My Life in Treasury

第1页 共2页

My Life in Treasury: Alex Ashby, Tesco PLC Alex Ashby, Head of Risk at Tesco PLC, discusses his career to date and offers advice to treasurers just starting out in their own treasury career.

My Life in Treasury
Alex Ashby 
Alex Ashby, Head of Risk, Tesco PLC


Alex Ashby, Tesco’s risk manager, has developed a wealth of experience and expertise in treasury and risk management in only eight years since starting out in treasury. Now as a senior treasury professional in one of the world’s most respected treasury functions, Alex shares his story so far, and offers advice to those embarking on a treasury career.


How did you come into treasury and what attracted you to the profession?

I finished my studies at the time of the global financial crisis, which was an interesting time to be looking for roles in the financial sector. As a maths graduate, I looked at a variety of different opportunities, which included the graduate recruitment scheme in marketing and trading at Gazprom. During my time at Gazprom, the treasury department was looking for maths skills, which is how I first became involved in treasury. I’ve never looked back since.

How did your career progress through to the role that you hold today?

I spent just over five years at Gazprom in a number of different roles across front, middle and back office, and ended up focusing more on middle office, including long-term forecasting and planning. During my time there, I started looking at risks in areas such as futures trading, and cash margin calls, and ultimately developed the treasury risk function. This involved working with senior management, building a treasury planning model, and developing the use of third party systems, including Openlink and SAP. Building a risk function was particularly challenging at that time given the rapid rate of growth. As a result, we were quickly outgrowing systems and processes, which gave the project considerable urgency and management focus.

I was approached by a recruitment consultant on behalf of Tesco, which was looking to set up a risk function. This was a fantastic opportunity, so I joined the business in 2014 – at a challenging time for the company. Since then, I have built up a specialist team, and taken over the energy risk team that was previously part of the procurement function. The risk function is now quite substantial, with an enterprise-wide approach to global risk. I have also been involved in areas such as forecasting and governance, and about a year ago, I was appointed to head up a treasury transformation project with a view to overhauling our governance, systems and processes.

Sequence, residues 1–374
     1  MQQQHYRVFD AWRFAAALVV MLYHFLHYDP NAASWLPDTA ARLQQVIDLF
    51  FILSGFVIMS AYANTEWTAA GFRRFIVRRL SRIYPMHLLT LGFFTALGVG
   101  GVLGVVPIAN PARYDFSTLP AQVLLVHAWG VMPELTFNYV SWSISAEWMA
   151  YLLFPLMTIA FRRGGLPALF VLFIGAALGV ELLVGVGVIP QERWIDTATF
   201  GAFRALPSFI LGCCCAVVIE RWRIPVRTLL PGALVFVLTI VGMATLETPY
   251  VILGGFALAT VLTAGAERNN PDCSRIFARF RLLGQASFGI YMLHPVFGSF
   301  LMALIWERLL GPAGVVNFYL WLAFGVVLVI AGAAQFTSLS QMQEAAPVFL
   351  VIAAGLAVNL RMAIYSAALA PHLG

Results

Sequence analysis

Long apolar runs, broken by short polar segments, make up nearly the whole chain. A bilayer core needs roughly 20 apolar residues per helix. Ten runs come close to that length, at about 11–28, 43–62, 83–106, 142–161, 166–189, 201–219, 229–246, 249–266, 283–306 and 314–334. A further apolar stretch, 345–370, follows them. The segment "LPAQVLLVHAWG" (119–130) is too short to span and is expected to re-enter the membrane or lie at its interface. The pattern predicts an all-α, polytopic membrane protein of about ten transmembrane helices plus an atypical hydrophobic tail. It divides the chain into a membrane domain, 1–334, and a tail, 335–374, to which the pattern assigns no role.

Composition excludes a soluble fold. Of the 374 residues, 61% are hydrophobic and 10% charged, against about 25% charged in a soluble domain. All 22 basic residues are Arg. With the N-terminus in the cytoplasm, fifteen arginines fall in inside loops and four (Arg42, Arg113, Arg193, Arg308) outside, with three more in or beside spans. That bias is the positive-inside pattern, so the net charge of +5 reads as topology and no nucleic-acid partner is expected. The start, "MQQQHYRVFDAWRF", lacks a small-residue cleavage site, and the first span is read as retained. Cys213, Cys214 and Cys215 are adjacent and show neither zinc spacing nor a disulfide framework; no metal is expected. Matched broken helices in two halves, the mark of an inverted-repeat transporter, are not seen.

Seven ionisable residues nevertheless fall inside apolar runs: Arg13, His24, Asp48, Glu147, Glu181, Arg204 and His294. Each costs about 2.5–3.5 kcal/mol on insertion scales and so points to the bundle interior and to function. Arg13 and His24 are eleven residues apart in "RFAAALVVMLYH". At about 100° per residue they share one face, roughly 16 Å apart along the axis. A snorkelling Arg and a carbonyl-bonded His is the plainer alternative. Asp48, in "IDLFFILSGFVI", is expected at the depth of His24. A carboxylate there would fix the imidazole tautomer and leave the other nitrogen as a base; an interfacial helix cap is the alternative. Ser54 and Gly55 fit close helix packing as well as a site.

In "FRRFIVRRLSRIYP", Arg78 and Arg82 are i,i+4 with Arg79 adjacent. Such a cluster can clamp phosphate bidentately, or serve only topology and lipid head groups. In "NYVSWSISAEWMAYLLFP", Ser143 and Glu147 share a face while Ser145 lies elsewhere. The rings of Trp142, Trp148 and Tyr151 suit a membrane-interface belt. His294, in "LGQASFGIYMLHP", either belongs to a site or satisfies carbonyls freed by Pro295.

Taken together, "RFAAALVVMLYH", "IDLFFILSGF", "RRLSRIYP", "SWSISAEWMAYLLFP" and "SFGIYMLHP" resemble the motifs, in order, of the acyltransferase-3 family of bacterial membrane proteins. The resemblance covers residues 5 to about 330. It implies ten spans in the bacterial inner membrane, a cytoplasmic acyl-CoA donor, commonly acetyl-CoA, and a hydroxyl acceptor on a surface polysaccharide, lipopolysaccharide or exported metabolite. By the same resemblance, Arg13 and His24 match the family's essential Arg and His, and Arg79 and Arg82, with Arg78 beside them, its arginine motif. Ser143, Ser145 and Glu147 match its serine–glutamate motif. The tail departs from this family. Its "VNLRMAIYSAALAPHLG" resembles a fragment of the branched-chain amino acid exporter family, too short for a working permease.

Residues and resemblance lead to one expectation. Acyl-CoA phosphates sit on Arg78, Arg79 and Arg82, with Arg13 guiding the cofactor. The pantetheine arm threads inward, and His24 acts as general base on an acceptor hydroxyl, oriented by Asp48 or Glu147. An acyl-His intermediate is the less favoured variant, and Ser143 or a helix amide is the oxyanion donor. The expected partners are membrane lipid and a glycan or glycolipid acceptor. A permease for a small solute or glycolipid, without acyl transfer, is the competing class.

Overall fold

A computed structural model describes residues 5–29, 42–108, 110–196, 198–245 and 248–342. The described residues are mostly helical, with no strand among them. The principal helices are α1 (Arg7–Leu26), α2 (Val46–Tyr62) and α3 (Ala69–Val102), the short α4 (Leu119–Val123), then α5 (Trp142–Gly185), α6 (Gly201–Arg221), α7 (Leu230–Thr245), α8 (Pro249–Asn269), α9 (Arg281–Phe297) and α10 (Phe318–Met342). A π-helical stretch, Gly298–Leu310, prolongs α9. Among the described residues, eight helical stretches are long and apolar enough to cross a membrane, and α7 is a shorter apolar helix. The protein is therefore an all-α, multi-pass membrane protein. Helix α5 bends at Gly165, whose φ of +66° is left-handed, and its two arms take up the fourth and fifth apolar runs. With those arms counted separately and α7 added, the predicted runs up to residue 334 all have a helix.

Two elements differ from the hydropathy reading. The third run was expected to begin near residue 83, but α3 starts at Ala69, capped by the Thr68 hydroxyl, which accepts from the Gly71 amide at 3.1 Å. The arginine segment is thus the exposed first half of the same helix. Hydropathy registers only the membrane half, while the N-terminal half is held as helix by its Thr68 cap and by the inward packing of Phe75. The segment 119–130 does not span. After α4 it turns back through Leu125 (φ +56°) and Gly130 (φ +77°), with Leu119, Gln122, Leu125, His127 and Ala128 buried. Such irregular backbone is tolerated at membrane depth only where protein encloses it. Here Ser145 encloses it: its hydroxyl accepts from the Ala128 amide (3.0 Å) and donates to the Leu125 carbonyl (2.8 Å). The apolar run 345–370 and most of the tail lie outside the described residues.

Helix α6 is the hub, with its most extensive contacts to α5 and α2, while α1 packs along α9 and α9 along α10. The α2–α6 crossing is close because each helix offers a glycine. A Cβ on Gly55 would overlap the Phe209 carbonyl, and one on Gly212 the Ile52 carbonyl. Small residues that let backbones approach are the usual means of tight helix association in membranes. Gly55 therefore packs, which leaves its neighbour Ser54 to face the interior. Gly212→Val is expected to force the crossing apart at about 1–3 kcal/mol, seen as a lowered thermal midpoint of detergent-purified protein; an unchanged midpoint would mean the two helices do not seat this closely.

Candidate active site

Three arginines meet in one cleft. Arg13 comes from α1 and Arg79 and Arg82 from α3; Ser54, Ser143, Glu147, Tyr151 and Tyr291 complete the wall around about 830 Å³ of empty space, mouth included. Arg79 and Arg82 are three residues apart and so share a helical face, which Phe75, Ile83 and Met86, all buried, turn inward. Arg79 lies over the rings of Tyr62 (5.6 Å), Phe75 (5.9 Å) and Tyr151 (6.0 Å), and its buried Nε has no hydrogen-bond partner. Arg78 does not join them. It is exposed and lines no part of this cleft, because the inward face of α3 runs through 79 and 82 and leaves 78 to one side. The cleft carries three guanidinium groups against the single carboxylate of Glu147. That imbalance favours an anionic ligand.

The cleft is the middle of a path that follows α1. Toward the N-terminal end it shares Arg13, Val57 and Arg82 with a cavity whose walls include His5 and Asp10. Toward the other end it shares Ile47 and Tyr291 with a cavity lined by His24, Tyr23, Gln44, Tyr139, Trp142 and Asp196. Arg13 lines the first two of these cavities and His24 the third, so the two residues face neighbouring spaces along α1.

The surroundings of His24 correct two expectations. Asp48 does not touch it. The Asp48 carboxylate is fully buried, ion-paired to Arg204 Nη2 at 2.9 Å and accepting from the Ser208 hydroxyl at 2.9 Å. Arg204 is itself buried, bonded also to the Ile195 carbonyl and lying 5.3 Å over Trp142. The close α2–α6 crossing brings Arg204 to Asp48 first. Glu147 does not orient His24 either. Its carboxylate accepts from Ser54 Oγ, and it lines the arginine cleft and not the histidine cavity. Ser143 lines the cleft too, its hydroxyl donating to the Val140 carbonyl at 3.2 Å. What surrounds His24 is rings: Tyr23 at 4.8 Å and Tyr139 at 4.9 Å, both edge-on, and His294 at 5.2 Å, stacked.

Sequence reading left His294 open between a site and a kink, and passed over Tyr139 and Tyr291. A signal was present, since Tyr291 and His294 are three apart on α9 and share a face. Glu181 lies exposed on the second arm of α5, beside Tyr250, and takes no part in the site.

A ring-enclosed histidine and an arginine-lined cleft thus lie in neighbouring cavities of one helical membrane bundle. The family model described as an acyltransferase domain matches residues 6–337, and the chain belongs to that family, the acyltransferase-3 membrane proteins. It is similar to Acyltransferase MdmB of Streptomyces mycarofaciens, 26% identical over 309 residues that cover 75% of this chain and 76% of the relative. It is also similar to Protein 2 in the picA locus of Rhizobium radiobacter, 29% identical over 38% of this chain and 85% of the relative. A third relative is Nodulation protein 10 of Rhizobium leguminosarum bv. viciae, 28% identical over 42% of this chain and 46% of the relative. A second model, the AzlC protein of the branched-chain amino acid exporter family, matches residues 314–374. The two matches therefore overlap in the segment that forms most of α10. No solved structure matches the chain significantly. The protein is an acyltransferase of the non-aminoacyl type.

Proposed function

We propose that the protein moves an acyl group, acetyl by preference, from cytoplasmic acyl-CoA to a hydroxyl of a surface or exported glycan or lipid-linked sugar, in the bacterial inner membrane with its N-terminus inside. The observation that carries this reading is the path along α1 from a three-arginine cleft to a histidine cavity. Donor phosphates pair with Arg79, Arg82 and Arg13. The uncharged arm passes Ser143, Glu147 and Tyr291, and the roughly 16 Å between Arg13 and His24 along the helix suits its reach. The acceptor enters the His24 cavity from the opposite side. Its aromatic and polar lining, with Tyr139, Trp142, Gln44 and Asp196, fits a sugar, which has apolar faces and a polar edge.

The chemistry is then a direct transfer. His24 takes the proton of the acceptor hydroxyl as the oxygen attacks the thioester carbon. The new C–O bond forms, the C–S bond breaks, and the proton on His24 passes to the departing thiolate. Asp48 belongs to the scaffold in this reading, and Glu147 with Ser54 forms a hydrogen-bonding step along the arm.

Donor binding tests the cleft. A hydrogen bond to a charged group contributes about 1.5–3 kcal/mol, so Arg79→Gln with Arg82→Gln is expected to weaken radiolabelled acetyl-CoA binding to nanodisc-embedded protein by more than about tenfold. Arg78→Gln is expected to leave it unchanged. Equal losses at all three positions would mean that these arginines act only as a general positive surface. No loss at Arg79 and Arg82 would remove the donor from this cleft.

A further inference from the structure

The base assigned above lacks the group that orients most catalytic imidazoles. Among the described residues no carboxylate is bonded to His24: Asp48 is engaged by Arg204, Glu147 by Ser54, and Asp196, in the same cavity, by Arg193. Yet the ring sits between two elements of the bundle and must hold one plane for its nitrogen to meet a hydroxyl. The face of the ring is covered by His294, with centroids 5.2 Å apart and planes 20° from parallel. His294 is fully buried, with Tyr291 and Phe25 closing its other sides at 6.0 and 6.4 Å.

How have demands and needs in terms of treasury changed over the course of your career, and what particular skills does it now require?

The regulatory environment has become far more complicated since I joined treasury in 2009, and it continues to change fast. Furthermore, banks are at different stages of implementation: for example, some banks are now using up to nine different ways of valuing an interest rate swap, while others are only starting to implement now. Treasurers therefore need a strong regulatory mindset, with the ability and willingness to grasp complex implications, that may differ across market participants, and embrace a rapid pace of change.

Corporations have also become more aware of risk, and are becoming more motivated to manage it effectively. In particular, treasury professionals are looking to identify risks inherent in their business model, and embed risk awareness into the wider business.  

Technology also continues to develop. We have used SWIFT for bank connectivity for some years, and this is becoming standard amongst large corporations, but there are a number of new innovations emerging. Blockchain, for example, may create opportunities for banks to work differently in the future, with an implication across the financial value chain, such as eInvoicing. With lots of different initiatives in progress, it is important to stay actively involved, or you can lose track quite quickly.

What qualities do you look for when you are recruiting for your department?

One of the first questions we consider when recruiting for a role is whether applicants need treasury experience or not. In fact, most of my team are not from a treasury background. As we have been inventing something new, bringing together experience from diverse disciplines such as insurance, energy, banking etc. can be very valuable. Depending on the role, people joining the team typically need an interest in the financial markets, and a relevant skill such as analytics, economics or maths; however, there are now lots of different roles in treasury, so diverse skills are often very valuable. People also need to be keen to learn: increasingly, treasury needs ‘thinkers’ rather than ‘coders’: a few years ago, for example, advanced Excel skills were often essential: today, this shouldn’t be necessary and in fact, relying on spreadsheets and self-developed tools can create risks. Instead, people need to be able to understand, interpret and act on results, rather than simply producing them.

How important do you think a formal treasury education is, as opposed to (or as well as) more general finance or accountancy qualifications?

I studied ACCA and AMCT, and found them very valuable, and we have a wide range of different professional qualifications across the team. Treasury qualifications can be a useful addition to the CV, but much of the experience treasury professionals need is gained ‘on the job’. 


后页   2 


发现此中的益处: myTMI